How Employers Can Meet Mental Health Needs in a Post Pandemic World
Ten years ago, talking about mental health in the workplace was uncommon. Employers weren’t sure how to approach conversations, let alone how to help their employees that may have been suffering. Fast forward 10 years and a global pandemic later, mental health is finally getting the focus it deserves, with employees and employers alike proactively discussing the importance of elevating the conversation.
One in five Americans are affected by mental health conditions, according to the National Institute of Mental Health. Young adults, working parents, communities of color, and essential workers are all feeling stressed, burnt out, and lonely, feelings that were only heightened during the COVID-19 pandemic. Employers are feeling the effects as well – an estimated $190 billion is lost in annual earnings due to absenteeism and lost productivity, which often stem from poor mental health.
Leaders are being called on to do more to support the mental wellbeing of their workforce. An important first step is showing employees they care and emphasizing that taking care of their mental health is important. Only then can employers take the steps below to better address the needs of their employees.
Equal access to care services for the whole population has become more important than ever, particularly for dependents and historically marginalized communities. With the shift to remote work during the COVID-19 pandemic, employees now expect to have access to both physical and digital options to provide anytime, anywhere care.
These expectations are forcing employers to seek digital solutions that offer national, on-demand access, as well as local, personalized care options, to help address the mental health of their employees. The ideal solution would have a dedicated virtual behavioral health team along with access to in-person care with a local behavioral health counselor that exclusively serves their population. A combination of both digital and physical access to care makes it more convenient for members to take care of themselves, which leads to better outcomes in the long run.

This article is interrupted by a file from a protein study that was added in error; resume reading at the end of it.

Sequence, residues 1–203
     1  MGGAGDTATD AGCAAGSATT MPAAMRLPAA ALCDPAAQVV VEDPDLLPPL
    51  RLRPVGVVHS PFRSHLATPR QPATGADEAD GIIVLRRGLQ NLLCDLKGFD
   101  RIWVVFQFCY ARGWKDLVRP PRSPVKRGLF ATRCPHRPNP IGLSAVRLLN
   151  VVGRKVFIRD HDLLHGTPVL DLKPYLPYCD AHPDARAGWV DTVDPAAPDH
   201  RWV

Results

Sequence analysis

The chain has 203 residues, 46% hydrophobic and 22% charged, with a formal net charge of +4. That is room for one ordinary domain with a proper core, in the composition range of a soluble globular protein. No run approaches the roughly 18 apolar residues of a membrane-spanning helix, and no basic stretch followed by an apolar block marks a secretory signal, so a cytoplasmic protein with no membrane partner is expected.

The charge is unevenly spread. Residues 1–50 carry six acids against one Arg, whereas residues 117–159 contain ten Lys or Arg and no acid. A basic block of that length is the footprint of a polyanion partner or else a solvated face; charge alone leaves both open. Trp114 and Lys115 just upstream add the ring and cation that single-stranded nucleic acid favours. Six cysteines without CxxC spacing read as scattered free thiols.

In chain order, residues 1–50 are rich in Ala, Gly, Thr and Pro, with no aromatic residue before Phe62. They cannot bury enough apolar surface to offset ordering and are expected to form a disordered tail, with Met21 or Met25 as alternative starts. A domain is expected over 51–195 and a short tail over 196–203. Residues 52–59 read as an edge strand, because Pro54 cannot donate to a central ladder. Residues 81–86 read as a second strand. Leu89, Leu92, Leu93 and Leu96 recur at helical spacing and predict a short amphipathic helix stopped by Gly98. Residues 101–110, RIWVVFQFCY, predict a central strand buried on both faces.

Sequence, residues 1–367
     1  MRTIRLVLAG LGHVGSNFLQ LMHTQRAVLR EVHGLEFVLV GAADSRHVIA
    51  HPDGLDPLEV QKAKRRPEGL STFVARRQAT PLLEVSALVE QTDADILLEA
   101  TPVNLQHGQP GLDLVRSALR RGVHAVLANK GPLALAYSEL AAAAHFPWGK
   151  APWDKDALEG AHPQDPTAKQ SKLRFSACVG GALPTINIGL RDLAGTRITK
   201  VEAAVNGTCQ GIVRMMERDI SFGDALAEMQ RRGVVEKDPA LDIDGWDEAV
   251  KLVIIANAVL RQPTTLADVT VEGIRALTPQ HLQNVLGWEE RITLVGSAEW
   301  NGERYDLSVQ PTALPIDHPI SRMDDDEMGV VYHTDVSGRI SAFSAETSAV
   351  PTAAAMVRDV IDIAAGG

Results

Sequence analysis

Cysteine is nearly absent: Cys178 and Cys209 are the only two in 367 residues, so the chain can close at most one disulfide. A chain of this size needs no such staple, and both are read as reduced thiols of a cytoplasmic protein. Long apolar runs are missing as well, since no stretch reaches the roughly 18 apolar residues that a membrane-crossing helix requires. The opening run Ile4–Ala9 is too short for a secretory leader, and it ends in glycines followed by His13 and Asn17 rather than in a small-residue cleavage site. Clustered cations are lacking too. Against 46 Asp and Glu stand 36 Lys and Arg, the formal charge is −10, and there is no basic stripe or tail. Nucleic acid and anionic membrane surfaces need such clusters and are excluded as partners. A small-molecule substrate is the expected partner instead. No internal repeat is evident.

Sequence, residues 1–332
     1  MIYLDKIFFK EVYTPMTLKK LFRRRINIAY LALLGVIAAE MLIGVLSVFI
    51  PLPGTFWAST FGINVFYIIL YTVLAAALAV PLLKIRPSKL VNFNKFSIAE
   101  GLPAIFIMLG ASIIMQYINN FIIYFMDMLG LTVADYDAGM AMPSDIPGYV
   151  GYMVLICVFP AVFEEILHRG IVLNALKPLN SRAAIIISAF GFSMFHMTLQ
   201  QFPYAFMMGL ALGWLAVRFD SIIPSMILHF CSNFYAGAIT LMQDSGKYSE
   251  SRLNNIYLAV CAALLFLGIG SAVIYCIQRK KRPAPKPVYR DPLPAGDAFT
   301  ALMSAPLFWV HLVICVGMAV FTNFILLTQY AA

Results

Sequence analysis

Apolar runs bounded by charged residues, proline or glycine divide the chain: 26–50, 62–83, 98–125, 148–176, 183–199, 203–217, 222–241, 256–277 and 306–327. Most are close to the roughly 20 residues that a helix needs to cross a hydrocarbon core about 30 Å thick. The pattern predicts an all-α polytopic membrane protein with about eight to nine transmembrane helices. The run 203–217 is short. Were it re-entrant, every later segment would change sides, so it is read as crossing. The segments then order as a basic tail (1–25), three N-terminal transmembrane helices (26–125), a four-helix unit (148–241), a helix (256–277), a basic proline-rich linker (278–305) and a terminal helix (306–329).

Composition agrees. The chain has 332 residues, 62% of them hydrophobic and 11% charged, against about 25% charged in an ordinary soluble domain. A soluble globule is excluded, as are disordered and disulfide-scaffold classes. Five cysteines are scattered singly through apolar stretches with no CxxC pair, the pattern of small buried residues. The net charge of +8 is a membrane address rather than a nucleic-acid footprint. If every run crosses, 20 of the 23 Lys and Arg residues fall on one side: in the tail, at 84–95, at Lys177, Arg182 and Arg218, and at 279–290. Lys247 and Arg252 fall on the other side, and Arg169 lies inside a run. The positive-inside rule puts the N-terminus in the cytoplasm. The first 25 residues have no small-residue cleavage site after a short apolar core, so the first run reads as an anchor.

However, not all partners offer the hybrid approach to care, which makes choosing the right one crucial. Not only will it help employers stay ahead of the curve, but it will also provide their people with access to healthcare when and where they need it.
Behavioral health is an integral part of a holistic primary care offering. When care is integrated, behavioral health professionals can actively work as part of the broader care team and manage referrals, cultivate provider-member relationships, and tap into community resources when needed to further address social determinants of health. Here’s an example:
A comprehensive behavioral health solution in action
An employee is struggling alone but doesn’t have anyone to turn to, so they decide to schedule a virtual visit with a primary care provider. They’ve been feeling extremely sad, lonely, and anxious and haven’t seen anyone in over two weeks. The provider asks them a series of screening questions before determining they should speak with a behavioral health counselor.